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Over 100,000 Federal Soldiers Move Into Virginia

Well, while all this is going on, Joseph Johnston drops back to the Rappahannock River from his position up near Washington, so the notion of McClellan’s coming to the Rappahannock won’t work anymore because Johnston is already there.

What McClellan decided on was a wider turning movement by water. This time he would go clear down to the Peninsula, and he would land troops on the Peninsula, and he would use the Union navy to secure his supply lines, and he would advance against Richmond up the Peninsula.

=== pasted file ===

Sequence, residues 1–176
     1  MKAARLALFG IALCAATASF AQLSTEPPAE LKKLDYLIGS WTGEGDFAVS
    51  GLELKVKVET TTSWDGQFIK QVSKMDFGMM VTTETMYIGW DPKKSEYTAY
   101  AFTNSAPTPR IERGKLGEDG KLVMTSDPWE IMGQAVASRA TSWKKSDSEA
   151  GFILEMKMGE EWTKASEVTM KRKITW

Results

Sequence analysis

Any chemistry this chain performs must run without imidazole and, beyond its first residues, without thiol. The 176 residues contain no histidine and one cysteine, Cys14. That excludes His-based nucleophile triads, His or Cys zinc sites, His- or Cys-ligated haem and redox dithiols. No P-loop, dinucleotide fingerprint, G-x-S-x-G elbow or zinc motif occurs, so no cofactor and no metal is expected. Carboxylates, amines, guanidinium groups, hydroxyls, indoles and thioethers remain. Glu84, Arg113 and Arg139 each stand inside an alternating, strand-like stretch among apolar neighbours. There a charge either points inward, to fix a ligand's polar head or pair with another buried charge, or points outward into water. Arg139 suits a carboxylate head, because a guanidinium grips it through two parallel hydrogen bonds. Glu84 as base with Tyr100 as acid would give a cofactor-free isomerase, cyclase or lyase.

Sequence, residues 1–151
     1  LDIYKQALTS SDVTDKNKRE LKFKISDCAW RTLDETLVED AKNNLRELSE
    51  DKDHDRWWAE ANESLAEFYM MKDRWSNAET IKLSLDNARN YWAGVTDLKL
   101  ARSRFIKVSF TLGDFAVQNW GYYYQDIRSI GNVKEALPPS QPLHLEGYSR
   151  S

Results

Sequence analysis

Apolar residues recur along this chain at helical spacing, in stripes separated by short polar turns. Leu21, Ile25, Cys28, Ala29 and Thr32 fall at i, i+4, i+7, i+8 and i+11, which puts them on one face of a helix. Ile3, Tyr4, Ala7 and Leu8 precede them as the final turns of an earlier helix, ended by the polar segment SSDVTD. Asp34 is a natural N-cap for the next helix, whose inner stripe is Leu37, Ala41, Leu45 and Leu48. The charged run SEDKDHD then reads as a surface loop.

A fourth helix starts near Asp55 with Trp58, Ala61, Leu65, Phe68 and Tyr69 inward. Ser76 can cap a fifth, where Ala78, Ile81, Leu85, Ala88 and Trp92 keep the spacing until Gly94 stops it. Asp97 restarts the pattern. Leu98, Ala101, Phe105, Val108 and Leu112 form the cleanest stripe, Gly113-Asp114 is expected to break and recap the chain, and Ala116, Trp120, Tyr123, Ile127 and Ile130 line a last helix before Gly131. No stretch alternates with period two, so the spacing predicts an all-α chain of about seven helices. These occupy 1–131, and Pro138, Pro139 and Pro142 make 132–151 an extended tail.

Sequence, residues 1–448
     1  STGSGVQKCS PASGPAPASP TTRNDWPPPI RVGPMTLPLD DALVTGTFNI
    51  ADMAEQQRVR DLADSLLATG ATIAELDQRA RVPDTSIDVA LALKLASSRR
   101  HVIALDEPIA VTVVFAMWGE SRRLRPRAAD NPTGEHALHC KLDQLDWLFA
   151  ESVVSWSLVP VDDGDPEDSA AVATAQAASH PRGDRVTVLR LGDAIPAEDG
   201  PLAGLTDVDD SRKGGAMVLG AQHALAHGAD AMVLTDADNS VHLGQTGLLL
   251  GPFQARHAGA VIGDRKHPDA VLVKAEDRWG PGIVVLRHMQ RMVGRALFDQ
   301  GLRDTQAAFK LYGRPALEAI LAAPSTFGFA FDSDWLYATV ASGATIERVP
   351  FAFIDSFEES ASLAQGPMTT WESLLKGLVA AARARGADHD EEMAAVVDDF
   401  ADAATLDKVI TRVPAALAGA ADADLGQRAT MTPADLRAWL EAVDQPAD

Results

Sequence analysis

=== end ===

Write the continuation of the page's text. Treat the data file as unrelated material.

In late March, 70,000 Federal troops got on vessels and headed for Fort Monroe, a Federal installation right at the tip of the Virginia Peninsula, a piece of ground that the United States had held onto. Another 35,000 troops under Irvin McDowell shifted down to Fredericksburg, Virginia, 50 miles north of Richmond. So there are going to be two threats coming against Richmond.

There were also about 25,000 men in the Shenandoah Valley under Nathaniel P. Banks, a former governor of Massachusetts, one of the political generals that Lincoln named as successor to old Robert Patterson, who’d been pushed off to the side. Finally, John C. Frémont, who had been shifted to the Eastern Theater after his sojourn in Missouri early in the war, commanded a few less than 10,000 men in western Virginia, out in the Allegheny region.